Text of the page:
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- Join Date
- May 2003
installing linux on a Windows machine
I'm thinking about installing linux on my system which currently has WindowsXP installed. But I have some questions I hope someone could answer:
1. I have an empty currently unused harddrive plugged in, can I simply install linux on that drive without messing with my other drive that holds XP?
2. How will I get a dual boot system?
3. Which version of linux is recommended and at which adress can I get it?
4. Is there a good website with linux programs?
5. Which window manager is the best? I was thinking maybe blackbox?
You don't have to answer all the questions if you don't want to...
- Join Date
- Nov 2002
- Queens, NY
1. You can install linux on the empty hard drive (as long as it meets the bare minimum requirements) without distrupting the other hard drive. This is the case in any operating system.
2. If you decide to install either Redhat or Mandrake, the dual boot configuration will take place during installation. The instructions are fairly simple.
3. If you are a novice at this, I'd recommend Redhat or Mandrake. I use Debian but that's something you might want to consider after having some experience with the other two more friendly installation driven linux like Redhat or Mandrake.
4. Deciding on which distro you install, it will be different. There's always the way to build software by compiling from source, or you can download packages. Redhat use something called Redhat Package Manager (RPM) which provides an easier solution to installing new software on the machine. Debian uses dpkg. Since Mandrake was derived from Redhat, I believe it uses RPM.
5. Window manager .... I'm running KDE but that's not a window manager, it's really a desktop. When I ran Gnome back in the days, I believe it used Sawfish. Try blackbox. Heck, even I may try it but I always end up using KDE at the end.
Overall you sound like you are new to linux. I'd recommend Redhat. That's the path that I took and it was a stepping stone for me but Redhat is the most popular linux distro that is out there. There are bound be good reasons for that.The best things in life are free.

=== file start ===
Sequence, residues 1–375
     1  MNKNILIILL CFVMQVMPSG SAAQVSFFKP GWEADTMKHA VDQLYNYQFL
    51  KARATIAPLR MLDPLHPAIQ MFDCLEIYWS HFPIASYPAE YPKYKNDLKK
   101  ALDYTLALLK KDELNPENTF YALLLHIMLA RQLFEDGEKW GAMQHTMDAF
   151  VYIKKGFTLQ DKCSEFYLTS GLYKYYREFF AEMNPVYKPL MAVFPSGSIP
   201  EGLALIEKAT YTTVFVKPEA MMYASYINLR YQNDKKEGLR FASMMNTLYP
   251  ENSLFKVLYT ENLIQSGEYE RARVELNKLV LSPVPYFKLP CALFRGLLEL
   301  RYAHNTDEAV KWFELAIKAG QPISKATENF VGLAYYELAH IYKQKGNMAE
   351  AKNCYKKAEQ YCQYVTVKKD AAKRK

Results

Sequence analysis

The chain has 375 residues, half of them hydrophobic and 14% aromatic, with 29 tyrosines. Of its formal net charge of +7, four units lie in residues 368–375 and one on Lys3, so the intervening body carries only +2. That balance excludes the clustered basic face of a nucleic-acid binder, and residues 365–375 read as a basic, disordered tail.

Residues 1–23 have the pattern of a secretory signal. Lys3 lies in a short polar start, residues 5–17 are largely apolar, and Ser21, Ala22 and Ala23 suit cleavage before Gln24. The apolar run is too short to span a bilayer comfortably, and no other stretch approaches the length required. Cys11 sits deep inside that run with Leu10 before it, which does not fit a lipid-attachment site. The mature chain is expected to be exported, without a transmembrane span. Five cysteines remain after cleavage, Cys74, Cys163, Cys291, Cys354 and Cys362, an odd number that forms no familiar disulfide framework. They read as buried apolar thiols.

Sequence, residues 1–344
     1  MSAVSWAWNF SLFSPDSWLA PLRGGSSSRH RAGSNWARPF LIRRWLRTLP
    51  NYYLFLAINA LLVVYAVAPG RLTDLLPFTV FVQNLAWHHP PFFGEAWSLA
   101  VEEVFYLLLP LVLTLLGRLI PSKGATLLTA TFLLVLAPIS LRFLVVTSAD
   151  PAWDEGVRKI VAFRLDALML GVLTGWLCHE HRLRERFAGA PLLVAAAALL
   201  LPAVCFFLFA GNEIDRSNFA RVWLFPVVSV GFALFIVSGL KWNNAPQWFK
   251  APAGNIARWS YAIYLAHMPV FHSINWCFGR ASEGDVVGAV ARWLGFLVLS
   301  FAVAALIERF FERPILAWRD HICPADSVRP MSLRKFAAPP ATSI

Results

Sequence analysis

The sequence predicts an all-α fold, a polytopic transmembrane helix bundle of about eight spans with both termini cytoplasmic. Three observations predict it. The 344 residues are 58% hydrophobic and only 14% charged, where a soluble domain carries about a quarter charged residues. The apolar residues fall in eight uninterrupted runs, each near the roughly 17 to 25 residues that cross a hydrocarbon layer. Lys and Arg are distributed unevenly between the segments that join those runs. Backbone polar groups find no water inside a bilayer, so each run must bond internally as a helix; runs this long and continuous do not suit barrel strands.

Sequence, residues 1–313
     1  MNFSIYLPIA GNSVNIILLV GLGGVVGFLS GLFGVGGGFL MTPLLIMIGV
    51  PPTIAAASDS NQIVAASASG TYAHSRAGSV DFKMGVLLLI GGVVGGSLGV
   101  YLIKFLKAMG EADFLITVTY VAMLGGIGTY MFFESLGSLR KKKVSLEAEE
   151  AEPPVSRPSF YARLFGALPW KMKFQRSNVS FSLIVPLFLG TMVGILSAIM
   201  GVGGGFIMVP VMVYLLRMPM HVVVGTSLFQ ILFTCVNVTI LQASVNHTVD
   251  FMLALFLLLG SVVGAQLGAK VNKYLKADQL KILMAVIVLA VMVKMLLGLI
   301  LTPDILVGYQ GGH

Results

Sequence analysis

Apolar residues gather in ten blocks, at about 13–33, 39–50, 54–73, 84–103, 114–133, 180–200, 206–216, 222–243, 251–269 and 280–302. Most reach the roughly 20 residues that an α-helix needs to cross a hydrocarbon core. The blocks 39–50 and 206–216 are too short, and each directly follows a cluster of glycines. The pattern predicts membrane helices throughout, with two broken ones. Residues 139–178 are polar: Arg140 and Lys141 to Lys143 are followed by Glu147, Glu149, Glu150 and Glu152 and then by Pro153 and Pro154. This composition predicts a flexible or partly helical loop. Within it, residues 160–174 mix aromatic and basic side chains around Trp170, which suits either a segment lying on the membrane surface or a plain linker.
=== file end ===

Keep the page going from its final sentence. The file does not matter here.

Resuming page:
- Join Date
- Oct 2001
- Täby, Sweden
1. Indeed that is the easiest way to install Linux. It's a pity not more people can do it. Just though that I'd be a bit more thorough on this. Linux won't touch your primary drive unless you explicitly ask it to, but you will need to install the boot loader on the primary drive, since that's the only place the BIOS looks on to boot anything. That won't hurt your Windows installation, though, since only the MBR is touched. You can also choose to not let the installation touch your primary disk at all, and use a boot floppy instead of a dual booting boot loader. Also, bpark, not every O/S lets you do that... Windows would definitely overwrite the MBR with its worthless boot loader without considering your feelings for even a second. =)
2. No more comments. Except use GRUB, not LILO, as your boot loader. And install it on the MBR.
3. I'd also recommend RH or MDK. Get them either at www.redhat.com, www.mandrake.com, www.linuxiso.org or any of the countless mirrors.
4. You know, GNU/Linux systems are purely open source, and considering the decentralized nature of open source, there is no "official" such page. There are sites that have tried to more or less specialize on this though. For finding RPMs (the automated installation file format used by RH, MDK and others), http://rpmfind.net/ is a good place to look if you know what the package's name is. Please note me saying package, not program, for it is generally accepted terminology in the Linux world that packages refer to the "bundled" (in the software meaning, not physically bundled) distribution of a something, while a program more generally refers to the computer scientifical meaning of the word. To refer to a certain program file, we generally use the term binary. SourceForge.net is hosting very many very popular open source projects, so you might want to look there as well. But in the end, always remember that Google is your friend.
5. I strongly recommend sawfish. It is, as far as I know, the most customizable window manager out there.